Music Market Configuration : From Human Voice To Virtual Format

The public consumption of music composition has evolved over the decades and today with the ICT, people can enjoy any music from anywhere.

The art of ordering sounds in succession, in combination, and in temporal relationships to produce a composition having unity and continuity has evolved. In the beginning, the human voice was used to solely make known the art of singing. But today, musical compositions have taken several routes. From the vinyl records to cassettes, to the MP3 player or CDs and now to digital downloads (YouTube, Sound clouds, etc) , individuals have come to enjoy music in its different configurations. 
In the 19th century, experts say one of the key ways that new compositions became known to the public was by the sales of sheet music, which amateur music lovers would perform at home on their piano or other common instruments, such as violin. With the 20th-century music, the invention of new electric technologies such as radio broadcasting and the mass market availability of gramophone records meant that sound recordings of songs and pieces heard by listeners (either on the radio or on their record player) became the main way to learn about new songs and pieces. Information further reveals that a phonograph record (also known as a gramophone record, a vinyl record, or simply a record, was the primary medium used for music reproduction throughout the 20th century. It co-existed with the phonograph cylinder from the late 1880s and had effectively superseded it by around 1912. Records retained it was the largest market share even when new formats such as the compact cassette were mass-marketed.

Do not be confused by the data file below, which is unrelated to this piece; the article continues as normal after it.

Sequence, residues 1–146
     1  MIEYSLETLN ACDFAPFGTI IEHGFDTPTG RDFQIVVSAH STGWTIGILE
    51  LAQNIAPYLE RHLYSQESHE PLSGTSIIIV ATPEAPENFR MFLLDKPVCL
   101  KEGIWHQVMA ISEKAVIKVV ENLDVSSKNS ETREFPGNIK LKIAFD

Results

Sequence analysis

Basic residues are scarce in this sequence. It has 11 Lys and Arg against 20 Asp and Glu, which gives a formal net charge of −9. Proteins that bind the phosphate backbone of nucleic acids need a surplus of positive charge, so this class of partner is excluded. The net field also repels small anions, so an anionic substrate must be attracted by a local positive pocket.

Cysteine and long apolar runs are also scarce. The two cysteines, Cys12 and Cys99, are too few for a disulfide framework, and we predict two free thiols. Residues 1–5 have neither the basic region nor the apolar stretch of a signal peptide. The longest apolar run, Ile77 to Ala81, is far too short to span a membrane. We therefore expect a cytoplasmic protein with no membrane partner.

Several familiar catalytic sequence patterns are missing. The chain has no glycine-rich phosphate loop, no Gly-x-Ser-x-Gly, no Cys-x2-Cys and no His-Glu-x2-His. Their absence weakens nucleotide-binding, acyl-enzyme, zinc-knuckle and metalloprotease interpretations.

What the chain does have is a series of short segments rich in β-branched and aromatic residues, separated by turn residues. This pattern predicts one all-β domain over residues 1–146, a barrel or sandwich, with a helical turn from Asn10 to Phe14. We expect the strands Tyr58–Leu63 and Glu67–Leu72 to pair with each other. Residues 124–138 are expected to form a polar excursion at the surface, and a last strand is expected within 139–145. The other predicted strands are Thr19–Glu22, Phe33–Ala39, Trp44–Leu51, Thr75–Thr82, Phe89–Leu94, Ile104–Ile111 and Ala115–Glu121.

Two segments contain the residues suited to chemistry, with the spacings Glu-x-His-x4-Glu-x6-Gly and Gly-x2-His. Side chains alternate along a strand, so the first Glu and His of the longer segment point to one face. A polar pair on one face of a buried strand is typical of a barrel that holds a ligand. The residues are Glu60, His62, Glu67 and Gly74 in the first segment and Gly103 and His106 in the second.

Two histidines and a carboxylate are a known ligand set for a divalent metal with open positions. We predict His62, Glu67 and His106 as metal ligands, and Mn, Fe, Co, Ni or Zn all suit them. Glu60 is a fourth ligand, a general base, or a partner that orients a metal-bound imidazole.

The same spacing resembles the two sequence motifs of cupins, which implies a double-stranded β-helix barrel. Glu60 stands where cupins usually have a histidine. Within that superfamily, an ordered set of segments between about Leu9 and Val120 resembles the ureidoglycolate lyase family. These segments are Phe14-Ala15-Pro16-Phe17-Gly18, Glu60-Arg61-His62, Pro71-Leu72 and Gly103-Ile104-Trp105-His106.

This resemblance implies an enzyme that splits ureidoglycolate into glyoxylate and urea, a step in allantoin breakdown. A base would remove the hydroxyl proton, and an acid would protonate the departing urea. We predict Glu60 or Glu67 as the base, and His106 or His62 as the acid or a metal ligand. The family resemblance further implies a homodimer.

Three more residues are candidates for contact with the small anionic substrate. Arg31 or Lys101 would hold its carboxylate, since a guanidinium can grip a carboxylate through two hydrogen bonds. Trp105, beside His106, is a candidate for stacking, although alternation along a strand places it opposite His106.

By the 1980s, digital media, in the form of the compact disc, had gained a larger market share, and the record left the mainstream in 1991. Since the 1990s, records continue to be manufactured and sold on a smaller scale and during the 1990s and early 2000s were commonly used by disc jockeys (DJs), especially in dance music genres. In the 1990s, an increasing...



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